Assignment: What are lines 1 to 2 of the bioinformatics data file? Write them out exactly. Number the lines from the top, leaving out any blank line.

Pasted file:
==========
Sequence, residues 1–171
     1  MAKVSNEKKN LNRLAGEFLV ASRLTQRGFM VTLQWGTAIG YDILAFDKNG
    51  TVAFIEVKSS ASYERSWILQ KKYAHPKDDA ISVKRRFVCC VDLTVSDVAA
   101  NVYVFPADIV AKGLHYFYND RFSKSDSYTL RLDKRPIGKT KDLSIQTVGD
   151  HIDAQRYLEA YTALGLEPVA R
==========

Sequence, residues 1–171
     1  MAKVSNEKKN LNRLAGEFLV ASRLTQRGFM VTLQWGTAIG YDILAFDKNG